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The Woodlands

Part of the woodland to the south of the Museum is open to the public. Within the woodland there is an area of hazel coppice, reflecting the importance of coppice wood in the traditional rural economy.

A few years ago the hillside above the Museum was covered with mature beech trees. These have recently been felled for timber, but regeneration of a wide variety of species is taking place. In due course the hillside will again be covered with trees, but this time ash, beech, hornbeam and sycamore will form a mixed woodland. 

A small section of the woodland consists of hazel coppice. In a coppice, poles are cut every few years, leaving a 'stool' from which a fresh crop of poles will grow. Many species of tree have been coppiced, but today only hazel and chestnut are cut commercially. Coppiced woodlands were once of considerable importance in the rural economy, the young wood providing the raw material for many products. Coppiced hazel was used to make hurdles for sheep enclosures, feeding cages, wattle panels in timber ­framed buildings, the hoops of barrels used to hold dry products, and many other purposes. Today only hurdles are made in significant numbers.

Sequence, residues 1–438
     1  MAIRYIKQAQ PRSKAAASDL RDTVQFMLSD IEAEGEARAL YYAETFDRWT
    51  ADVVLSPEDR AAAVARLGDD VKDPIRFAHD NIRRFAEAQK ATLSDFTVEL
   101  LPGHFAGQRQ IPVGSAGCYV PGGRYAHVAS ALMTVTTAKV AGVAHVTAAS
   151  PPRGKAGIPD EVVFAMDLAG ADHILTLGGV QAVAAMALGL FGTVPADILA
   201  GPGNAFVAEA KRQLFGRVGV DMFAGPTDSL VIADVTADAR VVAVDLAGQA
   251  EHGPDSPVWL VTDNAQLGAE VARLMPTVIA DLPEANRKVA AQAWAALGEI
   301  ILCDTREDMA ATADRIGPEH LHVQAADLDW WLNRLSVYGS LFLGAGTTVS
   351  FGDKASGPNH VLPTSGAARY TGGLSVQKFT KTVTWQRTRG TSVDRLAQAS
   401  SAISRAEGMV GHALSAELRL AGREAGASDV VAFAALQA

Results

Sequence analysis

The Museum has brought the coppice back into rotation and it provides hazel for thatching spars and wattle fencing. In addition, the Museum manages hazel coppice on a local estate owned by the National Trust. We also work closely with local coppice workers to develop outlets for many products, both traditional and new.

Cutting the buttresses of an oak tree with an axe in preparation for felling. Felling is complete.
A chestnut pole is held in a shaving horse, while the bark is peeled off with a shave Taking off the oak bark, using a barking iron. The bark would be sold for tanning.
The woodman's shelter. A simple shelter was often built to give cover to the woodman. Many products were made in the woods rather than transporting the material to another site. Nowadays canvas shelters can still be seen, especially in areas where chestnut coppice is cut. Click on any picture to enlarge it.
Loading bundles of hazel rods.



A froe is used to cleave a pole into two parts

Products and processes of traditional forestry 

The photographs reproduced here were all taken during the 1930s in Plashetts Wood near Lewes. East Sussex. They have been made available to the Museum by Mrs M. Ridley, whose father took the photographs. They illustrate some of the products and processes of traditional forestry. a forest economy that left little unused material. Plashetts Wood was a mixed coppice of hazel and chestnut with oak standards allowed to develop into large timber trees.